xMore Than Inkx interview with Davin Bernard of Kingdom

MTI: Hey Davin, do you want to introduce yourself and your band?

Davin: I’m Davin and I sing for the band Kingdom, which is a vegan straight edge number from various points on the east coast (primarily Philly.) We’ve been around since ‘06, done a lot of touring, taken a lot of breaks and put out 2 7”s, a full length, and right before we head to Europe at the end of January we’ll be releasing a new split 7” (but it hasn’t been officially announced yet so I can’t say a thing about it).

MTI: I can’t wait for the details on the split! I guess we better start on how the band came about. Did you decide to be a xVx band or did it just happen to work out that way?

Davin: Hah! I can’t imagine a universe where vegan straight edge musicians are abundant enough to accidentally form a band- no no, we were a very planned thing, a long time in the making. Ben (our original drummer) and I wanted to start a heavy modern sounding vegan straight edge hardcore band- modern being the key. It seemed and seems like vegan straight edge bands are forever stuck in the 90’s but like… that type of hardcore was only moderately good then and it definitely sucksnow. We wanted to show that not all vegan straight edge kids thought hardcore ended when Chokehold broke up. Funny/irritating thing is that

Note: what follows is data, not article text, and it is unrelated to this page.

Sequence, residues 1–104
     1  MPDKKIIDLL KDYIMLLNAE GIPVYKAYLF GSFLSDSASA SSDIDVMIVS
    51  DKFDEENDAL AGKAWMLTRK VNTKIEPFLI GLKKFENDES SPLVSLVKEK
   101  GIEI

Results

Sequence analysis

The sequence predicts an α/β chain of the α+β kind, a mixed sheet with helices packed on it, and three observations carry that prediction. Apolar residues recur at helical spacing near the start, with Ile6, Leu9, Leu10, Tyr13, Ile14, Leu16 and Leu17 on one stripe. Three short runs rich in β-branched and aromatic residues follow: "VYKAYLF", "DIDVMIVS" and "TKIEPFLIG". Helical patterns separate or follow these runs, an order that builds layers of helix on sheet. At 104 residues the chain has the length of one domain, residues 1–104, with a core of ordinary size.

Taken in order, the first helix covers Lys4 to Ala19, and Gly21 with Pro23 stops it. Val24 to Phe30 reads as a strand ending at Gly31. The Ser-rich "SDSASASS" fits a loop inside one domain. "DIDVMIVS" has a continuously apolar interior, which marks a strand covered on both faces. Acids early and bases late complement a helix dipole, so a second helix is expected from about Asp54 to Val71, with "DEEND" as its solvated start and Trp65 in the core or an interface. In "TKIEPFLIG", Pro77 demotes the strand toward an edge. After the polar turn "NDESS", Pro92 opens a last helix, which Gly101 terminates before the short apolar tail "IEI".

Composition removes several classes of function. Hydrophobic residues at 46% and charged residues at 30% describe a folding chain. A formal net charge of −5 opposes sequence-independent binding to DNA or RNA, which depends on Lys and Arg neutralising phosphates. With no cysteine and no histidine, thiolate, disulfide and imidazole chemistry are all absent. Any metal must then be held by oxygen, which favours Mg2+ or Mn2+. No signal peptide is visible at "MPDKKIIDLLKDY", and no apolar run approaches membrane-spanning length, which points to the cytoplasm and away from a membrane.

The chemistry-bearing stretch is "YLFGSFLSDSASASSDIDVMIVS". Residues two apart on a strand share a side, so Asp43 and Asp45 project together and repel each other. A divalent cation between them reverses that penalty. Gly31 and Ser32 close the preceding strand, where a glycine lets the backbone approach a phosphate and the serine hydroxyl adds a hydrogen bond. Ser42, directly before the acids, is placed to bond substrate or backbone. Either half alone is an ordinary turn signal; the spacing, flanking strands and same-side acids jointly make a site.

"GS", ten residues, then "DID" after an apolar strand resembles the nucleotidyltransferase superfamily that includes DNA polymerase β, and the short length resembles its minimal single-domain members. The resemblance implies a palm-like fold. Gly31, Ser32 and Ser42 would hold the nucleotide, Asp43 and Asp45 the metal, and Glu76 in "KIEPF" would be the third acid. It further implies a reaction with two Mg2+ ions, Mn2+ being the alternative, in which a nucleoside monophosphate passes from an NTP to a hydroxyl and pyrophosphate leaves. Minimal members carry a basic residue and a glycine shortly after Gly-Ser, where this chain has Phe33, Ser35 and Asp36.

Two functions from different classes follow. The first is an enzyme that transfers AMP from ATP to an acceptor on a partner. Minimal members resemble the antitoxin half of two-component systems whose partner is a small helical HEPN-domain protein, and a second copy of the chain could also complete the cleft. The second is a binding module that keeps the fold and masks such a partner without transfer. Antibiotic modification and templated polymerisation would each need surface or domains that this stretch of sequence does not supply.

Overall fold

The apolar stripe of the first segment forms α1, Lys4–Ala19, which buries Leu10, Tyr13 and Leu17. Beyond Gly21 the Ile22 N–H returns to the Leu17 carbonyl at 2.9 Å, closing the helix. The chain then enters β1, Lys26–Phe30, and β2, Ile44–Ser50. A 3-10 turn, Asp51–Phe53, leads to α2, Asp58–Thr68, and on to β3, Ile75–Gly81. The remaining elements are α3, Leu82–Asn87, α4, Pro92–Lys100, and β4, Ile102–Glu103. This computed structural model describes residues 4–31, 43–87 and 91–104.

no matter how many people say we sound like Madball or Agnostic Front (which makes me blush btw because it’s so gosh darn flattering), there are just as many comparing us (musically!) to the vegan bands of yore like… you guessed it… Chokehold. Not to say Chokehold is bad, I’m just saying we don’t sound a thing like them. But people are always confusing politics for sound, gender for genre… what can you do? It’s a world of morons out there. But yeah, we intended to be this way, and due to what is known as The Great Vegan Straight Edge Drought of the 2000’s, we had/have members scattered all over the east coast

(currently 2 of us live in Philly, 1 in Richmond, and we have a fill in from Los Angeles.)

MTI: I can understand your frustrations. Not every vegan band sounds the same, but they tend to be bundled together. Vegan Straight Edge isn’t a genre like you said.

What are your reasons for being vegan? And how long have you been vegan?

Davin: My reason for being vegan is simple: it’s unconscionably despicable